“There’s been a stabbing at Parli and something’s happened on the bridge. They think it’s a terrorist attack. I’m fine but Dan says he can see bodies on the road from the office window…” my boyfriend tells me through a muffled trans-atlantic connection.
No matter who you are, I pray you never have to hear a loved one say the words “office” “terrorist attack” and “fine” in a sentence.
Two weeks ago, London experienced its worst terrorist attack since the 2005 tube bombing shook the city, both underground and aboveground.
While America’s evening news was only partly peppered with the tragedy (no one outside my close roommate circle even asked me about it), watching home burn from 5000 miles away hit me in the gut in a way I’ve never experienced.
You see, I interned at Britain’s Parliament in the House of Commons this past summer. The transition of ‘home,’ went from the social space I grew up in to a workplace for the first time.
To me, the location of the attack wasn’t just a government building shot from CNN’s helicopters. It was also where I made close friends, met my boyfriend and truly felt at home in a political space for the first time.
The pathway of New Palace Yard that I had walked over daily for eight weeks, never forgetting to gleam, eyes wide, at the beautiful details that seep from every crack in the Palace of Westminster suddenly became the site of horror when PC Keith Palmer was stabbed to death by a terrorist.
It’s a cliche, I know, to remind you that “you never think it will happen to you.” But the reality is that we live in a world where my boyfriend has to remind me that Parliament has actually had four real terrorist threats in the past year (mind you, we’re only in the beginning of April) and that “they saw it coming” and “it was only a matter of time.”
Only a matter of time before home is savagely marred with aggression and hate?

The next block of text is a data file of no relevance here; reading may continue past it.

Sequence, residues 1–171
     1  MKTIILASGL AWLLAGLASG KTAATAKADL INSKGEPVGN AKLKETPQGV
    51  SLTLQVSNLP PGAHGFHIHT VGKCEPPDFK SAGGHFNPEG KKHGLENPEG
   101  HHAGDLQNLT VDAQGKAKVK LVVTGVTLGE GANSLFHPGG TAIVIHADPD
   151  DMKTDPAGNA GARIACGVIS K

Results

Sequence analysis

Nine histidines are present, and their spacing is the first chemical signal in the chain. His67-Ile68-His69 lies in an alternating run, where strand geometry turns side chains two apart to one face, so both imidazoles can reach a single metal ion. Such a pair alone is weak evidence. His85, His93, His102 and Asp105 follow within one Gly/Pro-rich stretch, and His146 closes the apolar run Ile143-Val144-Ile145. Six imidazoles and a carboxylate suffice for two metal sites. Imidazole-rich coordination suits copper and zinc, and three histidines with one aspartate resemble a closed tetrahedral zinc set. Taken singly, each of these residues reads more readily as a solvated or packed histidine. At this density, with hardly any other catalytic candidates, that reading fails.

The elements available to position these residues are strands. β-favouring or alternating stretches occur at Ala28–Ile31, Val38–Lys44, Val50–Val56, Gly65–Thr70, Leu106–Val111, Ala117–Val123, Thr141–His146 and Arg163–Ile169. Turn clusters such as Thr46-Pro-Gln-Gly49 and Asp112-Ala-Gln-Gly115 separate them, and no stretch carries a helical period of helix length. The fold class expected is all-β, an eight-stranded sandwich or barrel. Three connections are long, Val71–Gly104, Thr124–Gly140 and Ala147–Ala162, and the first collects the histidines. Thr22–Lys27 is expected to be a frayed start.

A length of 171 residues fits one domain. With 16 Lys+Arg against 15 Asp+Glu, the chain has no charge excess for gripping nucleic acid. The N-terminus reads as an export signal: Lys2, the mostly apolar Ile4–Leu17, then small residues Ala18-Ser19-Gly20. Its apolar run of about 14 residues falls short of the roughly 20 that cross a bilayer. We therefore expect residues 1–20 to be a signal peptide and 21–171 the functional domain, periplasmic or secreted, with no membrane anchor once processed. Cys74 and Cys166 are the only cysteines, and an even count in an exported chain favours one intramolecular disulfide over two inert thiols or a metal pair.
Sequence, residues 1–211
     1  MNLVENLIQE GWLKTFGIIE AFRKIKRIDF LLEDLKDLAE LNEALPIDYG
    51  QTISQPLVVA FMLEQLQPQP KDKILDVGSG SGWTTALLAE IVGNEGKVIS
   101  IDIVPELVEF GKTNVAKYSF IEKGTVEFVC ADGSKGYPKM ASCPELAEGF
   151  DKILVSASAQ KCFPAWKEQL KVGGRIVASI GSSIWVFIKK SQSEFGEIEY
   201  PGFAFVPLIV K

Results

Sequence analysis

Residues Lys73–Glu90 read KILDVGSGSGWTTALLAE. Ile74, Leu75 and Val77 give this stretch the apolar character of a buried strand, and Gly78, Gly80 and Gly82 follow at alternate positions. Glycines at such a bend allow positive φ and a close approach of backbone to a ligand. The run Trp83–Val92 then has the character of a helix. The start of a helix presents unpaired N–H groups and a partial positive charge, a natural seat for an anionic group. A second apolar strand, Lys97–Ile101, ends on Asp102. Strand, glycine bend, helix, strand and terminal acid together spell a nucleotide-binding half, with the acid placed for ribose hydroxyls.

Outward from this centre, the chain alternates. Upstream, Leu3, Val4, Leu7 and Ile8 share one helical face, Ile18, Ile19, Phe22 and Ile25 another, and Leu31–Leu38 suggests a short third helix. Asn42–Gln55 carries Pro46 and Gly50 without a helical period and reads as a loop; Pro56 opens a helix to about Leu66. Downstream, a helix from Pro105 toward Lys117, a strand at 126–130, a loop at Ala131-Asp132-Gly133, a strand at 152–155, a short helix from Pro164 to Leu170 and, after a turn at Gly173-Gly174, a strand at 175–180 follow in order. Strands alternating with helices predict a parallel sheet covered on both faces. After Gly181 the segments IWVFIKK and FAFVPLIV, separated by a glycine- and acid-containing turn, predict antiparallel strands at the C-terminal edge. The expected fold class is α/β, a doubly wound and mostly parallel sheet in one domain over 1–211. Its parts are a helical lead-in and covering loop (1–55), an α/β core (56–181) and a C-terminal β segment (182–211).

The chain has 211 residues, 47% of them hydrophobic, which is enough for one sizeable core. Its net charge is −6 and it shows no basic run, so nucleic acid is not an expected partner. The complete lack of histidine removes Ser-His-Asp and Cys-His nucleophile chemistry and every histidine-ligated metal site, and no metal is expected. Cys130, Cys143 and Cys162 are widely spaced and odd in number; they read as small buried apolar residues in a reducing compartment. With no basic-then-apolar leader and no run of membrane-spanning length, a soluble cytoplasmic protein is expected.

I’ve thought about this often in the past two weeks, about the people in Syria, Yemen, Iraq, France, Germany, Sierra Leone and many more whose homes suddenly morph from places of comfort to that of intense, crippling fear, sometimes daily.
I am so far from being able to advocate for some kind of solution that goes beyond education and awareness. Even so, what I think I can do is reflect on the meaning of home and identity.
My home has never been taken from me the way others in the world have experienced, and for that I am eternally grateful. But I do now know what it feels like to watch your home become a locus for terrible acts against humanity and the judgement and ignorance that can follow suit.
All I can hope for is that people will look beyond hate and ignore irrational fear. If you plan to travel outside the country any time soon, I hope you don’t let fear stop you from being unreservedly exploratory. If you want to go to London or Paris or Brussels or Berlin and you have the opportunity, GO.
Immerse yourself in other people’s homes so that you can better appreciate yours. And never, ever, let the fear of hate stop you from going where you want to go.
What happened in London is a tragedy, but London is resilient. I urge you to find out why.
Rachel Epstein ‘18 is a political science and creative writing double major from London, England.